Theatre Comes in All Forms
The other day I was fortunate enough to witness the explosive energy of Step Afrika! on stage. There was singing, there was dancing, there was acting, and an undeniable energy that was completely organic, without need of instruments, an orchestra, or fancy sets, props, and scenery. It was raw, unbridled, enthusiastic, and compelling energy. I loved it.
To give you a little bit of background (although I would highly recommend checking out the Step Afrika! website which I linked to above), stepping is an African American dance tradition that creates sounds off the body, whether that be clapping, stomping, patting the sides of your waste and shoulders (or the performer next to you!) Because there are no traditional “instruments” in sight when these guys perform, there is something wonderfully fluid and improvisational in watching the dance, even though you know these have to be some VERY tightly rehearsed sequences. But the performers are all listening to each other so closely, that even if something was to go wrong I think it would be barely perceptible to the untrained eye.
And so, without a traditional “actors come on stage, actors speak the play, actors exit,” this show was among some of the best theatre I have witnessed. Why? It’s hard to say. Sometimes theatre is just enjoyable for so many reasons, you don’t know why and it really doesn’t matter. But if I had to pin it down to a couple of specifics, I would say it is because these performers always took care of their audience. It would have been very easy for their mesmerizing and complex choreography to just remain up there on the stage with them. But it didn’t. It was contagiously engaging, spilling off the stage and rolling down the aisles. Instead of “showing us” theatre, the Step Afrika performers “joined us” in theatre. At one point, members of the audience were even invited up on stage and were taught a stepping routine.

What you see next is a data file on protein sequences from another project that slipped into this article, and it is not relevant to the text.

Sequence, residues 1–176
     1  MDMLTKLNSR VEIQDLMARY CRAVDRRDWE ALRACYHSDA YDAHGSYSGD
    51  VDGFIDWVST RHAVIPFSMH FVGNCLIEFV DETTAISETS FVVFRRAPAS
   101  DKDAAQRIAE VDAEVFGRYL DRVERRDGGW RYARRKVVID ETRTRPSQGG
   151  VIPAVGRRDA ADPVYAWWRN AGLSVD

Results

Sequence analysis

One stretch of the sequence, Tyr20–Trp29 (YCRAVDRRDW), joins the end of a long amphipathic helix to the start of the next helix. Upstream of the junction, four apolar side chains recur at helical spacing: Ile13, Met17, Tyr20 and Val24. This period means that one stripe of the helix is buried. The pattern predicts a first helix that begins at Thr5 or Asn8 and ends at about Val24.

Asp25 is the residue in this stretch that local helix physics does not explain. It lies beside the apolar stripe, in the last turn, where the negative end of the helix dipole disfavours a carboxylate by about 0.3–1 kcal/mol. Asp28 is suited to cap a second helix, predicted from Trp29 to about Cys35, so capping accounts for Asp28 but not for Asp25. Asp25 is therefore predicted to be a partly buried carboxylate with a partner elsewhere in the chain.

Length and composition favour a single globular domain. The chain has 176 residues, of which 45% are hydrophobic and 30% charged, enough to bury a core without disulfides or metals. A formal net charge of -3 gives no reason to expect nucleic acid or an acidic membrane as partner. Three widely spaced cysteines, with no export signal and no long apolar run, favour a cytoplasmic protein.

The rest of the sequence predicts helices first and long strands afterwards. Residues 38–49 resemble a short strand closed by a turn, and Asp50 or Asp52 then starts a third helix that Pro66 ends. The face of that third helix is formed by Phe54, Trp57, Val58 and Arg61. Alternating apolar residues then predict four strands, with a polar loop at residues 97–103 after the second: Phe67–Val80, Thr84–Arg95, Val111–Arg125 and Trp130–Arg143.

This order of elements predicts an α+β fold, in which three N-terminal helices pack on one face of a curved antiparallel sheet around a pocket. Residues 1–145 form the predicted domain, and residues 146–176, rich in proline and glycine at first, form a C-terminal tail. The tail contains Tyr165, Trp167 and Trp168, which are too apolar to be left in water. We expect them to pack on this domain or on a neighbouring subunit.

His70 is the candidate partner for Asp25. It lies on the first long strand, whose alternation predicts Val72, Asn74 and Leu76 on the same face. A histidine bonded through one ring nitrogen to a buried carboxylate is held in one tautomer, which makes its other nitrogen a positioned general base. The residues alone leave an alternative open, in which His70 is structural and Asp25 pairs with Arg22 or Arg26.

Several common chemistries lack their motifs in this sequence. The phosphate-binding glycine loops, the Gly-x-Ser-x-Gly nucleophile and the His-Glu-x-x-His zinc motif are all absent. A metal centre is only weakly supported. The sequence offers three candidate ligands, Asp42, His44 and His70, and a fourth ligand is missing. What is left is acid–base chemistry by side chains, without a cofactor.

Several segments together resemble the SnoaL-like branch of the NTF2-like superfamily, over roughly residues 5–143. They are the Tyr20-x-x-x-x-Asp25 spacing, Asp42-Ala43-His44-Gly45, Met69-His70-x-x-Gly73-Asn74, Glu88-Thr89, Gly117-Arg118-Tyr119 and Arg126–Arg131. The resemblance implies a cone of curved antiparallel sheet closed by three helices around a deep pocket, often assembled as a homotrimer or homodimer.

I wish I saw more shows where the performers “took care” of the audience. Of course, you could argue that it is much easier to take care of the audience when the performance constantly breaks the fourth wall, but I think that is a bit of an excuse. As an actor, you have at least three jobs: take care of yourself, take care of your fellow performers, and take care of the audience. And if stage productions were more conscious of that crucial third element of the theatre, I think the audience would notice, even if they couldn’t say why.
The crowning example of “taking care of the audience” from Step Afrika! was during the midst of a tap solo towards the end of the show. The performer, though I sadly do not know his name, was absolutely mesmerizing. I could not take my eyes off him. Admittedly, he was a phenomenal tap dancer, and his earlier work in the show had also been stand-out. But it wasn’t just the technical mastery of tap dancing that gave him such an appeal. It was the way he was completely sharing everything he was doing with the audience. This man had somehow mastered the tricky balance of performing alone on stage whilst performing in front of 600 people. That, for me at least, is one of the hardest challenges an actor needs to grasp. And he had it. He was smooth, made everything about his performance look effortless, and had such a charm, charisma, and stage presence about him that at a couple of points I thought I was watching Gregory Hines tap dancing in front of me.
And I’m convinced THAT is theatre at close to its best, because for a moment (however fleeting) I am convinced I am in a different place, at a different time, watching the lives of very different people than those who are performing on stage. I love when THAT happens.